Short Fiction: A Clean Slate

I laid my cobalt parudessus next my arid rolly. Another intransigent discussion with my lover. He’s stormed out into the roily and rutted Paris rues. Perhaps heading to rue St. Georges. Do I care? Oui. Me, just a bit of rejectamenta. I am no Lise! I am no Diana. Diana the huntress, I am no Huntress. Yet surely we are all hunting for love. He has found his. He caresses his brushes more tenderly then me surely. The intimacy with your subjects your connection with color, I see it. You give yourself so freely and evacuate your sexual energy in frissons of color. Your love effervesces from your hands, from your essence creating hues superior to natures. Yet, how natural your subjects’ fusion with the very same nature. I head to the kitchen and make my self a cup of tea. Perhaps I’ll lace it with laudanum. Oui, if there is any to be had for me. You are morsel, I tell myself. What kind of girl at twenty-seven traipses about with a popsy companion from Bordeaux to Rome? That’s what Augustus would say, “You haven’t the constitution for such a physical adventure.” I can hear him now echoing dear mother. Oh Augusta how I do miss your guiding spirit.  

The kettle blows steam and whistles an impatient tune. I pick it up and scald my hand. I need a buffer. That is what I need. Indeed, a buffer! The water sloshes into the porcelain, over the leaves they swirl and color the water immediately staining it brown. I look into the leaves for answers. The steam only billows into my face as I exhale. Soi-disant that is what you are. The Slade is no match for the École. I am no master. You could teach me. I can remain your muse and lover. I can’t bear the rejection, no! Perhaps, I should toss my self from a barbican. That would make a bloody splash in Le Figaro.  Then my fame may taint yours. Top yours, Ha! No, perhaps not. Perhaps I can go more humbly….just a sharp razor quickly across the wrist.

No. I should have stopped in Asnières. I should have stayed in Toulousse. Dorelia oh you were always so much independent than I, your love flows freely, unbounded. Mine so perfect, so precise. So controlled. My brushes, my hand, do the same. Yet the recognition eludes me. The female… Ah she is so frail. No match for the masculine essence that pours out onto the canvas, or that wroughts the forms from alabaster or marble. Bronze to wily for the feminine hand to wield. That masculine ejaculation has no parallel. Oh Dorelia! So much more open to the ménage a trios. The acquiescence to a single soul, this is the trouble with me! Oh fie! The attachment so strong, that is my weakness I ‘spose. Maybe it is the trouble of the middle. Yes, it’s the mediocrity of the middle child that curses a soul. The filtered sunlight seeps through the kitchen window, revealing spots and imperfections on my hands and paint grimed in my nail-beds. The light shows the worn edges of the table and the thousand tiny fractures of the tea-cup. I turn my face to the unnatural radiance and catch a quick glimpse of the deep creases around my eyes. Entropy that is what it is. All is moving toward disintegration. Perhaps I could walk to the Seine this very eve when it is black and misty— and sink my self into oblivion. I could have been the bijou, the little smudgy treasure— glossy unctuous oils stroked tenderly on your canvas. No! I am as fragile as the medium you first imparted your creations on. I am bone china.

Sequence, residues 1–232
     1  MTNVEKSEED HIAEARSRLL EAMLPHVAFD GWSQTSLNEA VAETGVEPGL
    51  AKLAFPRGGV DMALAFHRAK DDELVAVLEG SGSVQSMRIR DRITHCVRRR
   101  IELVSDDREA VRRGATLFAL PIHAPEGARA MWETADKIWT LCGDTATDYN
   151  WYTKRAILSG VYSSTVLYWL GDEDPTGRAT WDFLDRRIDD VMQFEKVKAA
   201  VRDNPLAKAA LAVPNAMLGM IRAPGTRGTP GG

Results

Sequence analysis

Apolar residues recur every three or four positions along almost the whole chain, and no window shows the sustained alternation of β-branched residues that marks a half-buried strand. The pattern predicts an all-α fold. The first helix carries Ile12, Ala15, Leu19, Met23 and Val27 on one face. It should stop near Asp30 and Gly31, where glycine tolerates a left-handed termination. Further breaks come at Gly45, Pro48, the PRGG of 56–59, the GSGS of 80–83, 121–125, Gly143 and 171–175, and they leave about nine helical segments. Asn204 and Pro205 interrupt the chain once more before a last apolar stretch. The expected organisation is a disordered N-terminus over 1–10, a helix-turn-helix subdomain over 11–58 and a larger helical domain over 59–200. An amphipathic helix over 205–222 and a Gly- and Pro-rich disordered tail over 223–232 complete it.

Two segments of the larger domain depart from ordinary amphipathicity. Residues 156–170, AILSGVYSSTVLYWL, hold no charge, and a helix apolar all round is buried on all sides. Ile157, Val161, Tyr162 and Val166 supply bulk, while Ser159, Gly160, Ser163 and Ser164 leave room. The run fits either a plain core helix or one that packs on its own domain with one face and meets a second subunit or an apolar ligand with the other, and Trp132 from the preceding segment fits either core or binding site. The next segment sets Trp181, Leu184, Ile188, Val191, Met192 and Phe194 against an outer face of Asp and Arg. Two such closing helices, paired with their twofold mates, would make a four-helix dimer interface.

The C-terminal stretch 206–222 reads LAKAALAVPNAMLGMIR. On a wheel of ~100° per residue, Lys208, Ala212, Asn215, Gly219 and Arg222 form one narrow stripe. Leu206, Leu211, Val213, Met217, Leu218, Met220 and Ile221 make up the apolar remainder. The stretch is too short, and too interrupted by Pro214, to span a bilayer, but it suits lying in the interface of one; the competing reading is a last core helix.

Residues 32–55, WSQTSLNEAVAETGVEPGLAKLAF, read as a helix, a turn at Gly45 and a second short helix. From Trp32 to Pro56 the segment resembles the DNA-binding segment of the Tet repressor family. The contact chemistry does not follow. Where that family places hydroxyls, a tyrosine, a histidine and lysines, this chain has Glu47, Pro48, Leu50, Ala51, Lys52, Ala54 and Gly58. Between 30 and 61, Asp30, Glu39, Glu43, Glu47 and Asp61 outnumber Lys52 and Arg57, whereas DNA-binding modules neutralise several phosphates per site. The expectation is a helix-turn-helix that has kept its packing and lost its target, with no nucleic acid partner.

He is the aesthete, consorting with the fellows on Montmartre and the Salon. Burning through muses as one does a book of matches on a blustery night. I am no match for an arriviste. Your palette effulgent, gleaming and bright dovetails your esteem. My interior reflections shaded over by the dim rooms I choose to dwell. The light without follows me not. The external is not where I dwell. The internal light is dim, but examined.  I take a sip of the tea, sweet now on the tip of my tongue. I swallow. I pick up my pen. I put it to clean crisp white sheets of paper. Farewell, my love. Farewell, Paris. I am moving to Muedon.